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Old 18th January 2012, 03:16 PM   #1
benb is offline benb  United States
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Default FFT, now even faster

The faster-than-fast Fourier transform

For a large range of practically useful cases, MIT researchers find a way to increase the speed of one of the most important algorithms in the information sciences.

http://web.mit.edu/newsoffice/2012/f...orms-0118.html

... but it's still not faster than the speed of light.
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Old 18th January 2012, 06:26 PM   #2
Pano is offline Pano  United States
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Hmmmm.......
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Old 18th January 2012, 09:45 PM   #3
DF96 is offline DF96  England
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MIT is full of clever people, so we can assume the developers of this method are smarter than the PR man who wrote the linked piece. He seems to think that chamber music is 'sparse' - maybe sparser than a full orchestra, but I wouldn't want to hear a quartet replaced by a few gated sine waves!
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Old 18th January 2012, 09:56 PM   #4
jcx is online now jcx  United States
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well the practical lesson from perceptual audio compression is that you can get quite "transparent" music reproduction from <20% of RedBook Shannon-Hartley Channel Capacity bit rate - so "sparse" could be a fair characterization for music

the compression algorithms currently used in audio have a harder time with the broadband noise of the audience applause
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Old 18th January 2012, 10:12 PM   #5
DF96 is offline DF96  England
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I remember some years ago listening to Classic FM on DAB (MP2 coding at 160 kbit/s). The music was tolerable, but the applause at the end sounded just like someone varying the level of a white noise generator. Horrible! I switched back to FM and that was fine. Not long after that I stopped listening to DAB.
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Old 18th January 2012, 10:24 PM   #6
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I often hear MP3-style compression in cymbals; stuff that is noise-like, but not actually noise, and your brain can spot the structure even if the compression algorithm can't. You can also see the same thing in MPEG'ed video, where 'noise-like' scenes reveal the edges of the DCT-ed blocks. I particularly notice it on crowd scenes and the surface of rough water.
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Old 18th January 2012, 10:36 PM   #7
DF96 is offline DF96  England
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A camera pan during football makes the blades of grass disappear on digital TV - looks like a billiard table instead. Once the camera stops moving the grass reappears.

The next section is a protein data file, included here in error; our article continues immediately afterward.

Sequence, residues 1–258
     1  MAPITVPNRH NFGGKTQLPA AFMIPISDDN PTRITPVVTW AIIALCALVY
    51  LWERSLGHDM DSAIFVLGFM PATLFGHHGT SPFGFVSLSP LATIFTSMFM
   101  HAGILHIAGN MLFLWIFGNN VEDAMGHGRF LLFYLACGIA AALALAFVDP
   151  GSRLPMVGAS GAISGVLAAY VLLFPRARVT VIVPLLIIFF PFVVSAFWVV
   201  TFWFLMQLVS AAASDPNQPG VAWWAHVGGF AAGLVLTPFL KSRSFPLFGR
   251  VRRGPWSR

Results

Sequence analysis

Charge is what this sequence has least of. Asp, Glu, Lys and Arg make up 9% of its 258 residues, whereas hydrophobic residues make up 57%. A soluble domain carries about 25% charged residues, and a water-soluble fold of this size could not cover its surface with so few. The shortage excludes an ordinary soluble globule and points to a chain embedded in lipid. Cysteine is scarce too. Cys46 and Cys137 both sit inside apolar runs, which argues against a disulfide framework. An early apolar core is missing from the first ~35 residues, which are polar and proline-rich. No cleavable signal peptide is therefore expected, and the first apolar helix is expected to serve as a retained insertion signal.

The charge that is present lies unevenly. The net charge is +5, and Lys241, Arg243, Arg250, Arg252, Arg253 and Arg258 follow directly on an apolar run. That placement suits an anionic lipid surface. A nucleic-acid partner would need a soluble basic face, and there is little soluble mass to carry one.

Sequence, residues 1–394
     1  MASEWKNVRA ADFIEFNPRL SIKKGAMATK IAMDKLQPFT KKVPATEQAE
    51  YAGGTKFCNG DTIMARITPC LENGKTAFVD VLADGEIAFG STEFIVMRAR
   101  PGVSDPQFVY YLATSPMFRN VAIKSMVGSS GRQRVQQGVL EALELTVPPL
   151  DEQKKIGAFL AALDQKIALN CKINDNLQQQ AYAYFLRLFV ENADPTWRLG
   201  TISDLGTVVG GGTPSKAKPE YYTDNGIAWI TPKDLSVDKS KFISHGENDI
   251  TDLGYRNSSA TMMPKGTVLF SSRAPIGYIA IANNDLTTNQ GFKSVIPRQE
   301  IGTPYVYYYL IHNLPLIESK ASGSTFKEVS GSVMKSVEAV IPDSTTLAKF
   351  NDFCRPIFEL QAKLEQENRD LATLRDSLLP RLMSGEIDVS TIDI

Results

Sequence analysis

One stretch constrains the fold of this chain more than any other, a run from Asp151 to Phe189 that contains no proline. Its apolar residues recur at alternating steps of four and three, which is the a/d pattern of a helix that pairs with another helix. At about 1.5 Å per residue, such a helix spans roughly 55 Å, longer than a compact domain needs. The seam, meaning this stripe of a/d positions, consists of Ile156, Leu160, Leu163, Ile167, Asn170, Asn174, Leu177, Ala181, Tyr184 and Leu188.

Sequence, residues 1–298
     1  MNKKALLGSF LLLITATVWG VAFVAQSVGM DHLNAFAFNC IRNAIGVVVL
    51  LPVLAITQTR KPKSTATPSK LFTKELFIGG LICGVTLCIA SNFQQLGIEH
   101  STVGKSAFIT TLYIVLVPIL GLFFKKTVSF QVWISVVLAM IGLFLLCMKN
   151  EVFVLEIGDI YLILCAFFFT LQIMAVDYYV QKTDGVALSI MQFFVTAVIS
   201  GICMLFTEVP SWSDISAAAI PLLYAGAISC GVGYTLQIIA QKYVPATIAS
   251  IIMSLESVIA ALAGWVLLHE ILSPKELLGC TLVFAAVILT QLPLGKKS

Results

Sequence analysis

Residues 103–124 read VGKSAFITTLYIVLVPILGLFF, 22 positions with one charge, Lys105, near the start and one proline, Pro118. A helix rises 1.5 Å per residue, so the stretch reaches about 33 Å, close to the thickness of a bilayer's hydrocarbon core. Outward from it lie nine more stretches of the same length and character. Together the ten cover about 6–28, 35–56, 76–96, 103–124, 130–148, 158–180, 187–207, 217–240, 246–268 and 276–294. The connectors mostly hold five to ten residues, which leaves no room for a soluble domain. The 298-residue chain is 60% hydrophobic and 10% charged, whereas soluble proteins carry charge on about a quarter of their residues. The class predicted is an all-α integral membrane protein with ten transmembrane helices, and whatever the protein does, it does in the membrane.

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Old 19th January 2012, 12:20 AM   #8
a.wayne is offline a.wayne  United States
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When ... during the WC ? Too much Stout + England's drubbing ....
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Old 19th January 2012, 01:12 AM   #9
benb is offline benb  United States
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Quote:
Originally Posted by DF96 View Post
MIT is full of clever people, so we can assume the developers of this method are smarter than the PR man who wrote the linked piece. He seems to think that chamber music is 'sparse' - maybe sparser than a full orchestra, but I wouldn't want to hear a quartet replaced by a few gated sine waves!
Quote:
Originally Posted by jcx View Post
well the practical lesson from perceptual audio compression is that you can get quite "transparent" music reproduction from <20% of RedBook Shannon-Hartley Channel Capacity bit rate - so "sparse" could be a fair characterization for music

the compression algorithms currently used in audio have a harder time with the broadband noise of the audience applause
Yeah, reading the article, it seems like it's the same old MP3 type encoding being used for more things. The writer does seem to think a string quartet is just four sine waves.

The more I read, the less "new" this sounds. The Goertzel Algorithm is just a digital filter calculation to do a single FFT bin, and this talks about doing fewer FFT binss, but you still have to do a full FFT at the start to know what bins have "almost" no signal so they can be (possibly) ignored.

As I've seen pointed out before, with "digital" we don't get The Miracle Of No Distortion, we get different and never-before-heard distortions.
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Old 19th January 2012, 05:21 AM   #10
ontoaba is offline ontoaba  Indonesia
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Quote:
Originally Posted by CopperTop View Post
I often hear MP3-style compression in cymbals; stuff that is noise-like, but not actually noise, and your brain can spot the structure even if the compression algorithm can't. You can also see the same thing in MPEG'ed video, where 'noise-like' scenes reveal the edges of the DCT-ed blocks. I particularly notice it on crowd scenes and the surface of rough water.
128kBps MP3 is not CD quality, I could still clearly easy to hear the differences with 192kBps version. If I converting CDs, I use 320kBps, space isn't problem for this days storage system. Compression logarithm couldn't keep its fast changes properly.
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